Friday, June 30, 2006

The local paper has a "Quote of the Day" in its sidebar on the front page of the Features section. Today's was:

"I'm in this huge feud with Lindsay Lohan. She knows what she did."

Former Vice President Al Gore, 58,
poking fun at Paris Hilton and Nicole Richie's
famous fight and joking about
his new Hollywood life now that he's made
a film, "An Inconvenient Truth"

Not the sort of thing you'd expect from Al Gore... unless you take into account that he did his own voice acting on Futurama.

Thursday, June 29, 2006

Demanding rights for great apes:

Spain's parliament is to declare support for rights to life and freedom for great apes on Wednesday, apparently the first time any national legislature will have recognized such rights for non-humans.

Parliament is to ask the government to adhere to the Great Ape Project, which would mean recognizing that our closest genetic relatives should be part of a "community of equals" with humans, supporters of the resolution said.


Thursday, June 22, 2006

According to Wikipedia,

In Russia, persons of Caucasus descent are called Black.


The Caucasus peoples of Abidjan, and Crimea are sometimes called black because, relatively speaking, they are darker and less European in their appearance.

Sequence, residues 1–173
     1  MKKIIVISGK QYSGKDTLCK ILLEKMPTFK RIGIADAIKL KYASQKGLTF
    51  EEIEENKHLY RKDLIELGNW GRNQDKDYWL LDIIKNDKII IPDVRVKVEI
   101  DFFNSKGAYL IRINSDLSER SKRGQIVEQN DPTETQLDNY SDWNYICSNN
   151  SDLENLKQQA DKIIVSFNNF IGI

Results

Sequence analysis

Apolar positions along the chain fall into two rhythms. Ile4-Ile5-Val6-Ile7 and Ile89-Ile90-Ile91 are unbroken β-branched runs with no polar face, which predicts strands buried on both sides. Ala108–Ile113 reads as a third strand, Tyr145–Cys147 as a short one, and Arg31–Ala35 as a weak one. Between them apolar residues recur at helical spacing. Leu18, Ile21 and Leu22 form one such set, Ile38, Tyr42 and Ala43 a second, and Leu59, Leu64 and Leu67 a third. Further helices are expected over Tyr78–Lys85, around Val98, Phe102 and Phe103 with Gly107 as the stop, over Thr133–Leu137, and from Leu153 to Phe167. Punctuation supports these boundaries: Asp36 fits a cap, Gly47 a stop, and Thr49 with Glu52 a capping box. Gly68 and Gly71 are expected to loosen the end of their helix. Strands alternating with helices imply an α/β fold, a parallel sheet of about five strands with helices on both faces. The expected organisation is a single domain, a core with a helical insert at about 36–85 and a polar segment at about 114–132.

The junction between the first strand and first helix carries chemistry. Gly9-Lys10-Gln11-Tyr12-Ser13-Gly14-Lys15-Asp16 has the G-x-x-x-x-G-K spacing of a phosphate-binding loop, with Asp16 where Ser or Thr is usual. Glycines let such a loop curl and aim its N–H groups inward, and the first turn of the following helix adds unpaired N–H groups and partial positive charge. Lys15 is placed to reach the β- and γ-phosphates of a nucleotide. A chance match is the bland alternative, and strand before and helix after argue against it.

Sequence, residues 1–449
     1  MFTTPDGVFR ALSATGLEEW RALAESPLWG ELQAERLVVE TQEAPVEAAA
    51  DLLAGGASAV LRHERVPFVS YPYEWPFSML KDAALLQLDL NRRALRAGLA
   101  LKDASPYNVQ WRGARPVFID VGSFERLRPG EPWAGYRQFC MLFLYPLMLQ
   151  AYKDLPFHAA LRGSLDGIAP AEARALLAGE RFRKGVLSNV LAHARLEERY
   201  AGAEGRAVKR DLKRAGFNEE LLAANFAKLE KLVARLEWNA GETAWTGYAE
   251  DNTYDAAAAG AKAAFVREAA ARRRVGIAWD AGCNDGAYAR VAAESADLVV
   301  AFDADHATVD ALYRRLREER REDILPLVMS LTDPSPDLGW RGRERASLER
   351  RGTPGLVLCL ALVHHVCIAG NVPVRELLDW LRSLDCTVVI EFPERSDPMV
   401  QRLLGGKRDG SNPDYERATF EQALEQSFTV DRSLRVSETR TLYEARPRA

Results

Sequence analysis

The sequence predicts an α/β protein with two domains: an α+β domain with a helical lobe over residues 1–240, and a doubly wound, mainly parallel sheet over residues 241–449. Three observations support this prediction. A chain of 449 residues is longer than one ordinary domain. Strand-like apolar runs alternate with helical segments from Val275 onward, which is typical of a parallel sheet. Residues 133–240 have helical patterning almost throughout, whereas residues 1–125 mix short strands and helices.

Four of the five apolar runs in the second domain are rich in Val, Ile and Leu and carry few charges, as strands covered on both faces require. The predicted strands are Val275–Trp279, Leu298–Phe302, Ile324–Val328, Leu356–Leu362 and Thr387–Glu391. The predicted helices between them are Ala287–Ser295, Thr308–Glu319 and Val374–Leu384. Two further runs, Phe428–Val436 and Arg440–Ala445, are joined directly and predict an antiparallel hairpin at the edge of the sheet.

I find this ironic. And amusing.

Tuesday, June 20, 2006

The Episcopalians recently elected one Katharine Jefferts Schori as their leader. Besides being the first female leader, she's also pro-evolution and anti-homophobia:

Interviewed on CNN, Jefferts Schori was asked if it was a sin to be homosexual.

"I don't believe so. I believe that God creates us with different gifts. Each one of us comes into this world with a different collection of things that challenge us and things that give us joy and allow us to bless the world around us," she said. "Some people come into this world with affections ordered toward other people of the same gender and some people come into this world with affections directed at people of the other gender."

This naturally has gotten a bunch of fundies pissed; Ms. Spaulding lists several quotes from Beyond constantly invoking idiotic comparisons of homosexuality to bestiality and pedophilia, they include this gem of a quote: